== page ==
Handout Highlight: Response/Reaction Papers

In this post, we’ll highlight a handout on how to write response/reaction papers. Many professors require students to turn in these types of short papers throughout the semester in order to gain a better understanding of the material, but how do you write one?

Response/Reaction papers can ask students to do a number of different things, depending on the specific assignment:

  • Evaluate the effectiveness of texts individually
  • Discover how texts relate to each other
  • Discuss questions the texts raise for the student

There are many questions to consider before starting, including:

  • What is the main problem or argument presented and what evidence is used to support the author’s claims?
  • What are strengths, weaknesses, and counterarguments to the author’s assertions?
  • For multiple texts, how do they relate to each other? Do they agree or disagree?

Response/reaction papers vary based on instructor, so make sure you read the assignment carefully to understand what is being asked. Giving yourself enough time to think about the assignment will allow you to take the actions described in the full handout, including:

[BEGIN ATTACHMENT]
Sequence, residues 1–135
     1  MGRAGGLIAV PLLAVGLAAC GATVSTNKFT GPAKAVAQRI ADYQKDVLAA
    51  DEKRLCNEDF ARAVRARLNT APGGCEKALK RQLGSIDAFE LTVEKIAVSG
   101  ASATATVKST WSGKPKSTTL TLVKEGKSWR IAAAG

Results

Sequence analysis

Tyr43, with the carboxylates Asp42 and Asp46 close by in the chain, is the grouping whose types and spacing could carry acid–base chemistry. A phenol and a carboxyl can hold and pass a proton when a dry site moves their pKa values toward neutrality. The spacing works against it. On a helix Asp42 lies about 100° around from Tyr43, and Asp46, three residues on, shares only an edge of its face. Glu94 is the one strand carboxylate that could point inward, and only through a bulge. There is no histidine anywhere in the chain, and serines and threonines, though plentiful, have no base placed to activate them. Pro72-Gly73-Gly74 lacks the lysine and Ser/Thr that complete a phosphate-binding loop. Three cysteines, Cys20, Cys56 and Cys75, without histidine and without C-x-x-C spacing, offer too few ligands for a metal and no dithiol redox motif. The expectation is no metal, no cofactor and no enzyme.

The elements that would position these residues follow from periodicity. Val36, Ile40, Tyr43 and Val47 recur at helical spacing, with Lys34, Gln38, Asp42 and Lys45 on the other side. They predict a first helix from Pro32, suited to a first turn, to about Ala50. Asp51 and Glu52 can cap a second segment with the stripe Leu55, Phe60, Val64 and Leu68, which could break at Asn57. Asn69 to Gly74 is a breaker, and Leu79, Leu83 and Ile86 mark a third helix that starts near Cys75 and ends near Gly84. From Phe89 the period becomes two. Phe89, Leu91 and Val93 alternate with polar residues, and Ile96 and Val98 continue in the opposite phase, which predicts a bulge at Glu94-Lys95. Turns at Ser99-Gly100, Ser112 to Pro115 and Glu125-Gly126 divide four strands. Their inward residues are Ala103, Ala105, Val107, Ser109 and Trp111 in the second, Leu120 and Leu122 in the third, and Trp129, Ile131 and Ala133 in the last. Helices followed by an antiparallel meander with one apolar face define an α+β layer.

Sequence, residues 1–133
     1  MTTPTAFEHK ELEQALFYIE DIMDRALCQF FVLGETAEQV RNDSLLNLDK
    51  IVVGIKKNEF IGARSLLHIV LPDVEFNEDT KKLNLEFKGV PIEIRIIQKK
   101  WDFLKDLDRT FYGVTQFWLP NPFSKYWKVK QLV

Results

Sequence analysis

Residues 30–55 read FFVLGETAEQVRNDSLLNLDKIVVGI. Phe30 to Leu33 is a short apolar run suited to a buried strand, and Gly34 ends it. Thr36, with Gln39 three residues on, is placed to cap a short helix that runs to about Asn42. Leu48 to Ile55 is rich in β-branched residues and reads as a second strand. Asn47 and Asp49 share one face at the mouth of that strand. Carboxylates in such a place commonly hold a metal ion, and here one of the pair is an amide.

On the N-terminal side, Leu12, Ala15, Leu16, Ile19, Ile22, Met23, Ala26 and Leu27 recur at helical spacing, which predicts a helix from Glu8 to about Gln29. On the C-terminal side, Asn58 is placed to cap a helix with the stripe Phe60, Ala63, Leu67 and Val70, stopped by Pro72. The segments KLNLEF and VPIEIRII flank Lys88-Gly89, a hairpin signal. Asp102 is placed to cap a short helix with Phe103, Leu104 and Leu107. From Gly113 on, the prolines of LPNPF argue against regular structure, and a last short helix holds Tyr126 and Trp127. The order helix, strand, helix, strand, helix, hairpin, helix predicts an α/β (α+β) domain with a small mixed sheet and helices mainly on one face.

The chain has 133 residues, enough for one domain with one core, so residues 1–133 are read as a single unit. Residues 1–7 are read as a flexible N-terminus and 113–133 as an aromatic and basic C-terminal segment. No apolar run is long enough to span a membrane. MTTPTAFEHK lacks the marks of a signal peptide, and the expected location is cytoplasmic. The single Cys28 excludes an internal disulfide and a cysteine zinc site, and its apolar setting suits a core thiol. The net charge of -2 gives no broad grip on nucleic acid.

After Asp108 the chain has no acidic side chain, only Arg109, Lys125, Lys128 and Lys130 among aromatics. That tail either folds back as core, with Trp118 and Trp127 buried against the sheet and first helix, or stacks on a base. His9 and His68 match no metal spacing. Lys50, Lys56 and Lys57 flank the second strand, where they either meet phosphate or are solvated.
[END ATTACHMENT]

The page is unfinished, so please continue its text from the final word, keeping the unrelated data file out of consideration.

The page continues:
• Explaining key terms and arguments presented
  • Weighing the arguments and inserting your own voice
  • Evaluating what side of an issue the texts support. Consider both sides and see if there are strengths, weaknesses, or gaps in the arguments.

Response/reaction papers give you the chance to take a critical look at the texts you read throughout the semester, so give yourself time to think about what you want to say to ensure you have as solid a response as possible!

For on writing in different genres and other handouts, visit the resource section of the Writing Studio website.


Leave a Reply

Fill in your details below or click an icon to log in:

WordPress.com Logo

You are commenting using your WordPress.com account. Log Out / Change )

Twitter picture

You are commenting using your Twitter account. Log Out / Change )

Facebook photo

You are commenting using your Facebook account. Log Out / Change )

Google+ photo

You are commenting using your Google+ account. Log Out / Change )

Connecting to %s